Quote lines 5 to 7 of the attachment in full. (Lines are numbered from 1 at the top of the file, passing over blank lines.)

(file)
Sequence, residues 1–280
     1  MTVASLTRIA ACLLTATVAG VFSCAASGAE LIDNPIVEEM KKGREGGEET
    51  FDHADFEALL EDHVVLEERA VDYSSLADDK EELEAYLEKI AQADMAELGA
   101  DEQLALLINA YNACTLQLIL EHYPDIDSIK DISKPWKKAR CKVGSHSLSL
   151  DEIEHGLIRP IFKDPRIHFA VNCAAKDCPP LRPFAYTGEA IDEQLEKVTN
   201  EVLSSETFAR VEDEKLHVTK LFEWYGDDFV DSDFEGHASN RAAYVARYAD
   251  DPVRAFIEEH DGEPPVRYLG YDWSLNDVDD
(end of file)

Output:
   151  DEIEHGLIRP IFKDPRIHFA VNCAAKDCPP LRPFAYTGEA IDEQLEKVTN
   201  EVLSSETFAR VEDEKLHVTK LFEWYGDDFV DSDFEGHASN RAAYVARYAD
   251  DPVRAFIEEH DGEPPVRYLG YDWSLNDVDD